I know who the Premiership footballer is. Chances are you do too. But he wants to do everything in his power to stop you knowing (and revealing further) that he had an affair. What a douchebag. I’m not going to reveal his identity here – I don’t care about him enough, but 5 seconds on Twitter should be enough for anyone. For that matter why not check out a whole load of front pages of national newspapers this morning before he tries to get you too, on his arrogant crusade:
A Scottish newspaper became the first mainstream British publication to identify the Premier League footballer who is attempting to prevent discussion on Twitter about his affair with the former Big Brother star Imogen Thomas. Meanwhile it was reported that a High Court judge had referred an unidentified journalist to the Attorney General, Dominic Grieve, to consider a criminal prosecution for breaching a privacy injunction with a tweet about another footballer.
The move could potentially mean that criminal proceedings would be brought against 30,000 people who have broken one or other of the contested injunctions by tweeting in recent days the identities of those involved.
Good luck with that. Even libel lawfirm Carter Ruck knew they didn’t have a leg to stand on once the superinjunction protecting Trafigura from revelations they’d dumped toxic waste in Ivory Coast had been breached by tens of thousands of users on Twitter. Stopping that information was just impossible – force Twitter to filter information before it can be posted and find a competitor popping up with no such scruples; punish identifiable users and find countless more unidentifiable users publishing the protected information again and again. If this footballer had a brain he’d stop repeatedly destroying his own reputation.
Padraig Reidy argues against banning Islam4UK at Indexoncensorship:
Are the ban and the convictions really a problem for the group? Their reactions to previous bans would suggest that, organisationally, things will carry on as normal, just with a new title and web domain. Moreover, last night’s and this morning’s broadcast news were filled with Choudary and chums, highlighting how their convictions and banning proved that democracy and free expression are at best a sham and at worst a conspiracy against Islam. It’s not quite free publicity, but it’s exceptionally cheap.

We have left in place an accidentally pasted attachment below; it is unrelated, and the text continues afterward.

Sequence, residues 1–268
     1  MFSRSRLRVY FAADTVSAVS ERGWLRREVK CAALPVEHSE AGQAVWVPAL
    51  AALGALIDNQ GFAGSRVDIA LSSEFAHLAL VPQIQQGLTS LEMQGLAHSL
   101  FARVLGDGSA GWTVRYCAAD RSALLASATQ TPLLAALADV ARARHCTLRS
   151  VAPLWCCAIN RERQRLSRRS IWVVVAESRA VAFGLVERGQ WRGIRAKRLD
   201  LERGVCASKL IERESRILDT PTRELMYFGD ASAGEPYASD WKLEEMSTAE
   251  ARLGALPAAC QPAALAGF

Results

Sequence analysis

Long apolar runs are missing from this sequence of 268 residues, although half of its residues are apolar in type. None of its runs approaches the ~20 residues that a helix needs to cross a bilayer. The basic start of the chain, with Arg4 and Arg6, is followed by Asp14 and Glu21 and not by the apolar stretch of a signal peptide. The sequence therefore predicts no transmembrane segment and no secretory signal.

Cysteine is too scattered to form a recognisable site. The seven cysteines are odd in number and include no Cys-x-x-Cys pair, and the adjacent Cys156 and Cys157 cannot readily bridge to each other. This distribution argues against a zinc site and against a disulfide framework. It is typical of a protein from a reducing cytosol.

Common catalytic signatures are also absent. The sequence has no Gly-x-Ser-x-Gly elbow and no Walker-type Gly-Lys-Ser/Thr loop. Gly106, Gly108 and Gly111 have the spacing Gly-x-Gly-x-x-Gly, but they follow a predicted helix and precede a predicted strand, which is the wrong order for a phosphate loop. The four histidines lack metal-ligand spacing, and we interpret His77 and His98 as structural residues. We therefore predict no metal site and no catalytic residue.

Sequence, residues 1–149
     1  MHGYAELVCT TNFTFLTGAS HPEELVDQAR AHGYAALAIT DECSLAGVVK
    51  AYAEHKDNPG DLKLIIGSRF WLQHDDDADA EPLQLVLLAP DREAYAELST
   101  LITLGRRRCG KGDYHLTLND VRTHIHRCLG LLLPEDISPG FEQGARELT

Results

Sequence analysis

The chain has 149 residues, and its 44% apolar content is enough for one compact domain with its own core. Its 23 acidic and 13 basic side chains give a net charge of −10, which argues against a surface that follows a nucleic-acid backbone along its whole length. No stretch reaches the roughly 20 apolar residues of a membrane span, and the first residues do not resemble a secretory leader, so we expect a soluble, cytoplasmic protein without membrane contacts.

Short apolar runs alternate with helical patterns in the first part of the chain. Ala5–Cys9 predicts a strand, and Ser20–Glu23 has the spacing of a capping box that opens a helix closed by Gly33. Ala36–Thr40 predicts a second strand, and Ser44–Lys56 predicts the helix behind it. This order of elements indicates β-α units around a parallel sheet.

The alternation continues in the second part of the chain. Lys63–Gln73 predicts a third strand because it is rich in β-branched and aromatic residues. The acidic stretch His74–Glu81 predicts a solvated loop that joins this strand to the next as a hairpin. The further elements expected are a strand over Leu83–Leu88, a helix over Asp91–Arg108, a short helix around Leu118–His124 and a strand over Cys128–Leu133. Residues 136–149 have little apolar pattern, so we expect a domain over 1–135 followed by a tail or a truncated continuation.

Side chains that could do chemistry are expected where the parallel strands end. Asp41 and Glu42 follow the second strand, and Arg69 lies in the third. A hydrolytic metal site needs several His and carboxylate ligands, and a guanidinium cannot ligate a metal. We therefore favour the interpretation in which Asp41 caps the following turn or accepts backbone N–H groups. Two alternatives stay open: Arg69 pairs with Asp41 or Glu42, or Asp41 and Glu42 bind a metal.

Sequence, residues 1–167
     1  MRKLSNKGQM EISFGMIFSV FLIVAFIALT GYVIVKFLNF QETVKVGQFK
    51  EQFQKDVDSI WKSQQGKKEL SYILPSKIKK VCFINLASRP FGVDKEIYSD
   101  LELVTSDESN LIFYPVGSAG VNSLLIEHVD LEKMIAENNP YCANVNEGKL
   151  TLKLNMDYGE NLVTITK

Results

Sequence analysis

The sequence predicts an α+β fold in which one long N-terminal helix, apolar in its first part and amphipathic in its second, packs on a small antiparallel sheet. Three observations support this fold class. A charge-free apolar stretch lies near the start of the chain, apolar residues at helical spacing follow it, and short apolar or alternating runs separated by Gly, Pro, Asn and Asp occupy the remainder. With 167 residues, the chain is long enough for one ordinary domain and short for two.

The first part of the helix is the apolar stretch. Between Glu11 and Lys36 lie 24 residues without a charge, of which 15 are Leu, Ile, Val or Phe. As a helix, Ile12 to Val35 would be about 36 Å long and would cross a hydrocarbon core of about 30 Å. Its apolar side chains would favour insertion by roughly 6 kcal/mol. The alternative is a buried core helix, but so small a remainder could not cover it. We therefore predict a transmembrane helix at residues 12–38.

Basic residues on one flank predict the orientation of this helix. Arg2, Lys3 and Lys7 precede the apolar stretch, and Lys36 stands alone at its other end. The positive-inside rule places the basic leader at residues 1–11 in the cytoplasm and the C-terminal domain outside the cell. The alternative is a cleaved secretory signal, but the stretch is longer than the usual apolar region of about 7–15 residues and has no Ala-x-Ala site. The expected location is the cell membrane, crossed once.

So a mixed week for Anjem, but an exceptionally bad one for justice and free expression. The conviction of the five Luton protesters throws up massive problems. While their slogans were nasty, they called soldiers “baby killers” and “rapists”, they were part of a political protest, of which police had been made aware. Anyone who’s been on a protest knows that the language is rarely of the “rectify the anomaly” variety. How many times has Tony Blair been called a murderer? How many times have “Nazi scum” been ordered off our streets? A protest’s sole function is to get noticed — and strong language gets you noticed.
If there had been a public order issue at Luton, the police could have told the protestors to disperse, or even detained them temporarily; it’s far from ideal, but it beats a conviction.
I couldn’t agree more. There’s no way the banning wasn’t in response to the group’s so-called planned march through Wootton Bassett and banning the group on those grounds is patently ridiculous. Is the right to protest contingent on who you are, what you say or what your political agenda is? From the conviction of the protesters in Luton it would appear so and Peter Tatchell is right when he says:
But I defend their right to express their opinions, even though they are offensive and distressing to many people.
Insult and offence are not sufficient grounds in a democratic society to criminalise words and actions. The criminalisation of insulting, abusive or offensive speech is wrong. The only words that should be criminalised are untrue defamations and threats of violence, such as falsely branding someone as a paedophile or inciting murder.
Some sections of the Public Order Act inhibit the right to free speech and the right to protest. They should be repealed.